I opened up the Hollywood Unlocked Impact Awards. And I make sure that when I invite all the Black media to cover it, there are seats at the table for them inside because I don’t want you just to come and talk about how great I am. I want you to come, be celebrated, enjoy, and have the same access as everybody else. So I’ve spent millions of dollars building my own table but making sure that everybody else can sit at it.
Stephanie Tharpe: The third annual Hollywood Unlocked Impact Awards just passed, and every year, it gains more support from high-profile Black talent and engagement. Your award show is thriving at a time when it seems others are on the decline. Why? What is Hollywood Unlocked doing differently?
Jason Lee: Over the years, the BET awards used to be where all the top Black talent went; now they send in videos, don’t come, and are not celebrating it. One of the challenges is that, and I don’t even know if people realize this, but BET is a Black award show owned by white folks. That may be why people are disinterested. On the other hand, if you’re too busy to celebrate spaces that are provided for Black people, then you can’t get mad when the white spaces don’t acknowledge you because that’s their space. At Hollywood Unlock Impact Awards, we are very intentional about who we honor and how we honor them. It’s not a competitive award show where we compete for who has the best album and outfit. Those are things that white people are benefiting from because none of us own labels or these fashion houses. None of them are celebrating Jerry Lorenzo, who I knew was a club promoter who now owns a $75 million brand. That’s an issue.
Last Year, Jennifer Lewis was honored at the Hollywood Unlocked Impact Awards and said, “I’ve been in this room 70 times over the years, and I’ve never seen it look more beautiful.” That’s because it’s our space; you’re looking out at everybody who looks like you and feeling the love because we’re actually there to celebrate you. A lot of these Black Awards shows hire white publicists to govern these Black carpets, and they segregate Black media from its own culture. When celebrities walk down the carpet, by the time they get to the end, where publicists put all the Back media, they don’t want to do interviews, and talent doesn’t get seen.
Stephanie Tharpe: What are your thoughts on the criticism Black media receives, especially from Black celebrities?
Jason Lee: The problem with some Black-owned media is we’ve lost touch. Media outlets like Hollywood Unlocked, Baller Alert, and The Shade Room are not in that mainstream ecosystem. If we say something bad about a celebrity, they say we will never get the interview. Well, guess what? If they don’t want to, we will keep doing our job and criticize. I’m fine with that. Because we are the pulse of what everyone is talking about.
The dinosaurs of the industry are disconnected from this new media thing. It’s like people in music having to embrace TikTok; things are changing. Viral songs that can make you do silly dances on TikTok drive music versus artists like Halley Bailey, who recently dropped a beautiful song called Angel, and that’s crazy. So when I see celebrities saying we made it a rule to never talk to the blogs, you’re talking about us. You can’t lump all Black media in with Blogs.
Ultimately, It is a projection of how they villanize Black and seek out validation from white media. We all have different levels; when I say different levels, we are no bigger or lower. We have different positions. We have to support each other if we really care about reviving a culture that’s in critical condition, and I can’t stress it enough. When people see me on the red carpet with my celebrity friends, I advocate for them to speak to and prioritize Black media.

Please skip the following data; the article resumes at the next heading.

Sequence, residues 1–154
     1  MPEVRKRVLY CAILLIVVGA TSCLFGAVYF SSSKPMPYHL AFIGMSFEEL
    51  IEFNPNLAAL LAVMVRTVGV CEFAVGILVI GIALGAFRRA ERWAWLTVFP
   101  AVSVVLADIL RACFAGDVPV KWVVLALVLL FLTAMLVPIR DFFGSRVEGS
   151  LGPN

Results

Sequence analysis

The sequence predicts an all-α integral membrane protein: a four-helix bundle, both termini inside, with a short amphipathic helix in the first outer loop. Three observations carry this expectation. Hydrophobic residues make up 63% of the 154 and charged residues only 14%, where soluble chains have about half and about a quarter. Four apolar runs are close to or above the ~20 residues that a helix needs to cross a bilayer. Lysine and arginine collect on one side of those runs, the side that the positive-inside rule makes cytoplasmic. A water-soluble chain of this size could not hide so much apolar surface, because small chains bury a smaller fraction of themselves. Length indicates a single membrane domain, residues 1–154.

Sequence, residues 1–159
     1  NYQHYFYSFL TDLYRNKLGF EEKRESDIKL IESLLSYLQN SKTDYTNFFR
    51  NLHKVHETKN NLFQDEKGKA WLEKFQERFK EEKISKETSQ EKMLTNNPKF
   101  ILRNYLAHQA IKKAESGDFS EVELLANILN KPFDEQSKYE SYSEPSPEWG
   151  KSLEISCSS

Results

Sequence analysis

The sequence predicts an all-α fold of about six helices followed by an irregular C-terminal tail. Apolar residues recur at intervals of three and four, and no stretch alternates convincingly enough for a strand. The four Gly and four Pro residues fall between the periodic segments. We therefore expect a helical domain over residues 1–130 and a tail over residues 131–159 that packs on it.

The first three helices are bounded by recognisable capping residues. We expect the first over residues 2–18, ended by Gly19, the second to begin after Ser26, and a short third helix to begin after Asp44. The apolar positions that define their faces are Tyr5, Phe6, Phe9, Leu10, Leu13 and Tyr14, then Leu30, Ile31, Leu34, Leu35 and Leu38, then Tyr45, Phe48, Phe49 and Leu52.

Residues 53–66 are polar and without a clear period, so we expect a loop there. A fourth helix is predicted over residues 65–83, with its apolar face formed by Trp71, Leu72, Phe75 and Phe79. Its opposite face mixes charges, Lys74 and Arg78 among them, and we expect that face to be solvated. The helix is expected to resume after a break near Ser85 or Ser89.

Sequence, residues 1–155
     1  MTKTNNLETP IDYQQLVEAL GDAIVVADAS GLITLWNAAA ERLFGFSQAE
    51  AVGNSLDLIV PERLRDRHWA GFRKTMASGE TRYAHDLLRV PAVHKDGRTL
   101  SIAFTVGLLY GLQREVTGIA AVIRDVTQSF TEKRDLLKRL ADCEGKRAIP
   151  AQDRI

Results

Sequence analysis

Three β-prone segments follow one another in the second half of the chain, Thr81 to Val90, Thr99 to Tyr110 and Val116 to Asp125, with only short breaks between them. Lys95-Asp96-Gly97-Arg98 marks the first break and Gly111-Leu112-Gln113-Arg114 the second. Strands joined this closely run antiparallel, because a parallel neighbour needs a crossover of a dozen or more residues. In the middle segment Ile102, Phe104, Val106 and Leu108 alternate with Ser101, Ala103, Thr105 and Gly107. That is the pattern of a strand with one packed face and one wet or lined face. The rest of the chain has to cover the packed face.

Stephanie Tharpe: Can you speak on your journey to your current success?
Jason Lee: People want to see you where they met you or to the extent that they can accept you because of their own limitations. I’m in therapy now and always said I don’t regret anything. Wholeheartedly to the core of who I am, everything I’ve ever done I’ve embraced. I got shot. I can’t change that. I have to embrace that experience. I survived, not a victim. I was molested more than once. There’s no shame in that, and I survived. My mother was on drugs. I remember watching her put a needle in her arm and shoot heroin, passing out multiple times and tying her little thing around her arm to get the vein. That is a real experience, and I lived. I also watched my brother get murdered. I’ve had a lot of tragedy. But the greatest part of it all was when my therapist said, “You’re not on drugs, you’re not in prison, you’re not dead, and you’re successful. Do you understand? That’s a big deal.” I had to fully embrace the fact that I’ve survived so many things that narratives formed against me will not prosper in my world.
The other part is that I have an amazing team that depends on me being of sound mind. And I’m now living a very different life from all the tragedies I had triumphed over. If you choose only to see the negative things and not look at the Hollywood Cares Foundation and pouring back into Black and Brown kids or me going on the hill with Nancy Pelosi and Karen Bass, talking to foster kids, or me getting Dante Westmoreland out of prison with my senator and the governor and negotiating that release when all the other people getting millions of dollars to help reform wouldn’t help me.
How many times do people look at Black people and hold their purses? Or look at Black people and wonder how you got in here? Look at Black women and say you’re not good enough. Or look at women in general and say you shouldn’t have an abortion. The audacity of this country to believe it can put people in boxes they think they should be in. My God is a Box cutter, and I’m cutting out of everything. I’m going to continue to thrive and continue to be who I am despite it all because I know where my blessings come from. I’m good.